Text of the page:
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ISSN: 2379-1764
Advanced Techniques in Biology & Medicine
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Generating Novel Antibiotics from Non-Ribosomal Peptide Synthetases

Subrata H Mishra*

Johns Hopkins University, School of Medicine, USA

Corresponding Author:
Subrata H Mishra
Johns Hopkins University
School of Medicine
USA Baltimore, MD 21205
E-mail: [email protected]

Received date: November 29, 2014; Accepted date: November 29, 2014; Published date: December 06, 2014

Citation: Mishra SH (2014) Generating Novel Antibiotics from Non-Ribosomal Peptide Synthetases. Adv Tech Biol Med 2:e106. doi:10.4172/2379-1764.1000e106

Copyright: © 2014 Mishra SH. This is an open-access article distributed under the terms of the Creative Commons Attribution License, which permits unrestricted use, distribution, and reproduction in any medium, provided the original author and source are credited.

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With the emergence of several multi-drug resistant bacterial strains the search for novel antibiotics has taken a renewed urgency [1,2]. To date, a class of natural products called non-ribosomal peptides (NRPs) has been successfully used as antibiotics [3-5]: penicillin, cephalosporin, bacitracin, rifamycin, erythromycin, vancomycin and more recently, daptomycin, which is used to treat Methicillin-resistant Staphylococcus aureus (MRSA) infections [6]. NRPs are secondary metabolites produced by bacteria and fungi to compete with each other and infect their hosts. Hence it is ironic that to find inspiration for novel antibiotics we look to bacteria to see how they kill other strains of bacteria. Nevertheless, the track records of NRP use in pharmaceutical applications speak for themselves, not just as antibiotics but also as other drugs: bleomycin as an anticancer agent, cyclosporine A or rapamycin as immunosuppressants, etc [3,4]. In addition to serving as therapeutic agents NRPs are also etiological agents in microbial infections [4]. Hence NRPS studies will not only allow us to understand biosynthetic techniques of producing current and hopefully novel antibiotics but will also be crucial in understanding bacterial infections.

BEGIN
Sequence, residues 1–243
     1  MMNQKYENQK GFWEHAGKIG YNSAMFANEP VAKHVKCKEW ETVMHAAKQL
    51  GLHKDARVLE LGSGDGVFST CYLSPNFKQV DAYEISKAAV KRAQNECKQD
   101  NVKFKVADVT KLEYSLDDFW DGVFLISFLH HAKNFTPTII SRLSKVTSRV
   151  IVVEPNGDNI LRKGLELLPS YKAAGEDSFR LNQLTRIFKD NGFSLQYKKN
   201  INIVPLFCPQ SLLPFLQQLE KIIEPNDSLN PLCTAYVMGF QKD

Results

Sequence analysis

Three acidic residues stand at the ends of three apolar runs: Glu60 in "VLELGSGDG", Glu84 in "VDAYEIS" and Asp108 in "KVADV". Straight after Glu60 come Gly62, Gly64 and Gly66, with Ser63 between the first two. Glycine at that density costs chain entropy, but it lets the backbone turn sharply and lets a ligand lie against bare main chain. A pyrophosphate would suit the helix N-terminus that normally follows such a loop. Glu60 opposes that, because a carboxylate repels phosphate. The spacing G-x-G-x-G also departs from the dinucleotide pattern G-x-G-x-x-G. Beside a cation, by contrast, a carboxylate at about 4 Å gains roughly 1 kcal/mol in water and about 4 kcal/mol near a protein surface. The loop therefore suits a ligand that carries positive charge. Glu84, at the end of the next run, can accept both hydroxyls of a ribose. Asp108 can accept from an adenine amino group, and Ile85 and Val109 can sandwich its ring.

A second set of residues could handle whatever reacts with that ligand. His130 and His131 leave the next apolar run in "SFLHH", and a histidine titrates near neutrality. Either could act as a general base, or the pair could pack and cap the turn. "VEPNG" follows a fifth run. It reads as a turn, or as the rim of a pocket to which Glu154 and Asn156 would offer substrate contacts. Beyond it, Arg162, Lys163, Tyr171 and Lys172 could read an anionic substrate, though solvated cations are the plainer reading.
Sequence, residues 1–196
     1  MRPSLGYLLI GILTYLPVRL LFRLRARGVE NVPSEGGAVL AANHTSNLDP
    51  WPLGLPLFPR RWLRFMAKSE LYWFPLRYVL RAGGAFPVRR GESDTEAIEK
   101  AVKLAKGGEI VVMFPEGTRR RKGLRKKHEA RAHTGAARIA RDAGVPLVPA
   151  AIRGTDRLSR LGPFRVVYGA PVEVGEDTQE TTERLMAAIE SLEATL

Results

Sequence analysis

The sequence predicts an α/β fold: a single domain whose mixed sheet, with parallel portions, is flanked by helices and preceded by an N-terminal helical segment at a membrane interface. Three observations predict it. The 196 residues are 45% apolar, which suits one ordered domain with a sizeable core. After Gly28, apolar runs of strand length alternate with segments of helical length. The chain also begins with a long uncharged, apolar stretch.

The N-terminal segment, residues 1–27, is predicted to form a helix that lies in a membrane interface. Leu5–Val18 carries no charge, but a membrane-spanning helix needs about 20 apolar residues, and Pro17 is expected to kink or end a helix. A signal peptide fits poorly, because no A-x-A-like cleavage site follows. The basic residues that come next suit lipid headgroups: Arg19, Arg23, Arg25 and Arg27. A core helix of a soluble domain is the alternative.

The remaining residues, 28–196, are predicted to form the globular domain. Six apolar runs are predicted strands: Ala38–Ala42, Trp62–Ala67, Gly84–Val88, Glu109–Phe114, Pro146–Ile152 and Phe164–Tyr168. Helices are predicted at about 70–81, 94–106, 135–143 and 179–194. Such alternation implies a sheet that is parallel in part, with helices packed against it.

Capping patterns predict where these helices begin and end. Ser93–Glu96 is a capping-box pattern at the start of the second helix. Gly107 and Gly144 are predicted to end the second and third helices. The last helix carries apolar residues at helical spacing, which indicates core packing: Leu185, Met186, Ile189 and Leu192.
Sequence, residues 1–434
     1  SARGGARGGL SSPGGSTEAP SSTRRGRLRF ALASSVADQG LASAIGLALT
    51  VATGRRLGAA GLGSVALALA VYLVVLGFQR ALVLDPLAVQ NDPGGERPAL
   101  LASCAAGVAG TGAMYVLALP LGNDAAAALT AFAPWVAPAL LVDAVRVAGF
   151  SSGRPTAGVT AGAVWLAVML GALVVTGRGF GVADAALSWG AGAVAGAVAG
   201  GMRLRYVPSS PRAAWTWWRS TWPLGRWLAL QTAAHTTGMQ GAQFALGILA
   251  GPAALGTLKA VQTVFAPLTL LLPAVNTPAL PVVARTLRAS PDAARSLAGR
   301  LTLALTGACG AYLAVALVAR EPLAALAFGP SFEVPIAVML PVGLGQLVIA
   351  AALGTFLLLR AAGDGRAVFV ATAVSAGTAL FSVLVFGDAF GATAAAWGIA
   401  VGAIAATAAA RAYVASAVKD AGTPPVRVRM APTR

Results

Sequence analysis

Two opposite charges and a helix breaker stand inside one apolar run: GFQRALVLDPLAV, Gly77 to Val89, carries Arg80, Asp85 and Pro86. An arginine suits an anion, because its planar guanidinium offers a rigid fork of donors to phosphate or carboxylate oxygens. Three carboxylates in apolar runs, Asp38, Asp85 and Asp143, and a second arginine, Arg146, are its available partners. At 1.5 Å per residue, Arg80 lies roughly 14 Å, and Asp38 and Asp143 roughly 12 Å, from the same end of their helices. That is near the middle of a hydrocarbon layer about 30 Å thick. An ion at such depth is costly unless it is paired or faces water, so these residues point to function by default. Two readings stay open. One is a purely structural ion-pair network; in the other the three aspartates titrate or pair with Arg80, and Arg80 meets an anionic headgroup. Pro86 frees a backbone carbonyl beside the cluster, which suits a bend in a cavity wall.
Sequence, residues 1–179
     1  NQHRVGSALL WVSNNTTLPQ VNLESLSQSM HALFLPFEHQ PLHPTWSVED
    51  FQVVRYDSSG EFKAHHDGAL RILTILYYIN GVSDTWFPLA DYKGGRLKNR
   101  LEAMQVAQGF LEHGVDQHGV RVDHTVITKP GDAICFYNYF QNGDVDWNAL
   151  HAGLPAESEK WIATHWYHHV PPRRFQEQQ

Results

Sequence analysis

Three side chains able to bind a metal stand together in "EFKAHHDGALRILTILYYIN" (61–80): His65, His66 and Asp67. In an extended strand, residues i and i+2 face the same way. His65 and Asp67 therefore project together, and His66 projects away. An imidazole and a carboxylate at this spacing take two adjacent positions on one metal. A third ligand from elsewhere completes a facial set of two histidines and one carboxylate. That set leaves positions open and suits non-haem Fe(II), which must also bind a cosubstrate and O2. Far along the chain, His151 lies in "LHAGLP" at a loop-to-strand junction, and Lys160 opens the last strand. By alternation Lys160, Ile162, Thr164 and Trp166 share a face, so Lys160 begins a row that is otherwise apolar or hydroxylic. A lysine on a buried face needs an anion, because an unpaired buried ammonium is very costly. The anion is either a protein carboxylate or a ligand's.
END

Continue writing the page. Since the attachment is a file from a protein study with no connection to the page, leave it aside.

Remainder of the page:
Despite their fascinating chemical diversity NRPs are synthesized in bacteria and fungi with a functionally conserved modular organization of multi-domain enzymatic systems, called non-ribosomal peptide synthetases (NRPSs) [3]. NRPSs function in an assembly line-like manner with each module adding a single substrate during NRP chain elongation. Such modular organization and assembly line-like synthesis presents an appealing idea for the biocombinatorial approach to generate novel antibiotics. Swapping of modules and/or domains amongst different NRPS systems, so called NRPS reprogramming, may produce novel compounds with antimicrobial activity [7,8]. But is such NRPS reprogramming a viable option for new antibiotics?

NRP chemical diversity is dictated by the arrangement of the catalytic units in their respective NRPSs. A canonical module consists of three key domains (Figure 1) [3,9]. A thiolation domain (T) posttranslationally modified with a 4’-phosphopantetheinyl (Ppant) arm carries the elongating NRP. An adenylation domain (A) selects, activates and loads the substrate on the Ppant arm with a thioester linkage. Finally, condensation domains (C) catalyze peptide bond formation between the substrates loaded on T domains of sequential modules. Condensation domains are sometimes replaced by cyclization domains (Cy) that carry out both condensation and heterocyclization (cyclodehydration of serines or threonines to oxazolines, cysteines to thiazolines) [3]. Domain organization within a module generally follows CAT architecture where the individual domains may be in cis or in trans. The last module has a thioesterase domain to release the final product, which at times is macrocyclized (e.g. enterobactin) before release. Additionally, there are other tailoring domains that act in cis or in trans: epimerization domains which racemize the peptide bond in the growing NRP (e.g. Yersiniabactin), oxidase domains that oxidize labile dihydroheterocycles to stable heterocycles (e.g. bleomycin), methyl transferases that introduce a methyl moiety (e.g. epothilone), halogenases that add a chloride (e.g. coronamic acid), to name a few [3].

Figure 1: Schematics of a NRPS module (adapted from Weber and Marahiel, 2001)[9].